The Sachaca District is most famous for the Mirador de Sachaca, a 5-story tower that offers panoramic views of the city and the snow-capped El Misti volcano. The neighborhood’s food is another highlight: Sachaca has earned a reputation for its picanterías, traditional restaurants serving local dishes to the strains of live Creole music.
Travelers can visit the Sachaca District as part of a countryside tour of Arequipa, which lets you swap the busy Historic Center of Arequipa for quaint villages and rolling hills. In addition to stopping at the Mirador de Sachaca lookout, most tours also visit the 18th-century Sabandía Mill (El Molino de Sabandía) and Founder’s Mansion (La Mansión del Fundador), a grand colonial home once owned by Arequipa’s founder, Garcí Manuel de Carbajal. Lunch and hotel pickup and drop-off are generally included.
Things to Know Before You Go
- The Sachaca District is a great place to escape the busy center of Arequipa.
- Arrive in Sachaca hungry to enjoy some of the city’s best traditional restaurants.
- Wear comfortable shoes if you plan to explore the lively neighborhood on foot.
How to Get There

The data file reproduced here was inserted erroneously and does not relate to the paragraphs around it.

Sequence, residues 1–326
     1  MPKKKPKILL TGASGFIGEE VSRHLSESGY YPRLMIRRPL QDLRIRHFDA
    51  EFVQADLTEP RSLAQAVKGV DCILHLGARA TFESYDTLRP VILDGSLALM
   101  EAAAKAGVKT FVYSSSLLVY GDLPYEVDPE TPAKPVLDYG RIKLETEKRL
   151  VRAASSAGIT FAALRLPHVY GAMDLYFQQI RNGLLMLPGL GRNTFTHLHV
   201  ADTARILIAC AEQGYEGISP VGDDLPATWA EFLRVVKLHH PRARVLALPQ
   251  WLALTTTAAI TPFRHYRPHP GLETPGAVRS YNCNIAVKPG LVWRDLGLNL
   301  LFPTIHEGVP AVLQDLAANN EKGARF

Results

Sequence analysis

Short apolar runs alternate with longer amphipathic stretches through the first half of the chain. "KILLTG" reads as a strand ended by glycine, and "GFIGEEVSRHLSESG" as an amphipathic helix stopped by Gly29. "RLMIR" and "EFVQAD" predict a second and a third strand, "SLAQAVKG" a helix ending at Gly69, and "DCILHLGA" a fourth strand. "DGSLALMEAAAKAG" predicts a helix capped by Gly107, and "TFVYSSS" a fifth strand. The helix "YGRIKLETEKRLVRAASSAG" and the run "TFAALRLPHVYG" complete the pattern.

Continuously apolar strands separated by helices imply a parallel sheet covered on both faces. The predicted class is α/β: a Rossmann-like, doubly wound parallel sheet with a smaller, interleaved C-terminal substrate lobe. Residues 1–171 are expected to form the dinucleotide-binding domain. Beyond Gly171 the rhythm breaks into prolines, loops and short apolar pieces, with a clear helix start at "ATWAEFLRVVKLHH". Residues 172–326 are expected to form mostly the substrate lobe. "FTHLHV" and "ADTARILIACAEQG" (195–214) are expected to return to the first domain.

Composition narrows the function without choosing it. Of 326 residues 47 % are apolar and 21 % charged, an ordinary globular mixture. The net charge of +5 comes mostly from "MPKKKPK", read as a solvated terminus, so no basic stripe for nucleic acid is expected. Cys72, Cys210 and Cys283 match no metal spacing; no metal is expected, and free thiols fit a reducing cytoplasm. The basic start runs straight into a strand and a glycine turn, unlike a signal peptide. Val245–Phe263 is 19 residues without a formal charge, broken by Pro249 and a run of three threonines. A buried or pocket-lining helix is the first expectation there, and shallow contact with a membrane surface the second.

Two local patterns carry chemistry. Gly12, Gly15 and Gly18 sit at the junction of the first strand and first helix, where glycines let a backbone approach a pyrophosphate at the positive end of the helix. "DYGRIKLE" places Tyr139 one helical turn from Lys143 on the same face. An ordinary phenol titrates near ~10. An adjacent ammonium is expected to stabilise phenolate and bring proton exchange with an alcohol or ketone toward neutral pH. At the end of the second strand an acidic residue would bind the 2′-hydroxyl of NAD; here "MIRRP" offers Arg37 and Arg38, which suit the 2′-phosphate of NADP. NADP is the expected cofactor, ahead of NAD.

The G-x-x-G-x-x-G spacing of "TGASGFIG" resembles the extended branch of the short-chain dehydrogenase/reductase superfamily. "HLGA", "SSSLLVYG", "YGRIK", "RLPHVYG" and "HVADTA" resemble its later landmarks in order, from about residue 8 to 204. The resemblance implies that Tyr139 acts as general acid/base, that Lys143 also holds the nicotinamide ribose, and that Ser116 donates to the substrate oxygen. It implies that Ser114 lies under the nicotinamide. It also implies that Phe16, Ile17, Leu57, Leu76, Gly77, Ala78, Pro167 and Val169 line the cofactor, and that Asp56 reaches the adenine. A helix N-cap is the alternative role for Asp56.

From Plaza de Armas in the center of Arequipa Old Town, the Sachaca District is a 15-minute drive. On foot, the journey takes around 1.5 hours and traverses a few notable districts. Most visitors find that visiting as part of a guided tour is the most convenient and cost-effective way to explore the neighborhood.
When to Get There
Undoubtedly the best time to visit Sachaca District is just before sunset on a clear day. After watching day turn to night at the lookout point, you can enjoy Peruvian dishes and live music at a Sachaca restaurant.
The Mighty El Misti Volcano
On a clear day, Mirador de Sachaca provides some of the best views of El Misti, the volcano that’s responsible for the white-stone architecture of Arequipa Old Town. If you’re a thrill seeker with a penchant for trekking, you can ascend to the summit of El Misti during a guided tour that usually takes two days. A good level of fitness is required for the arduous climb to the 19,110-foot (5,825-meter) peak.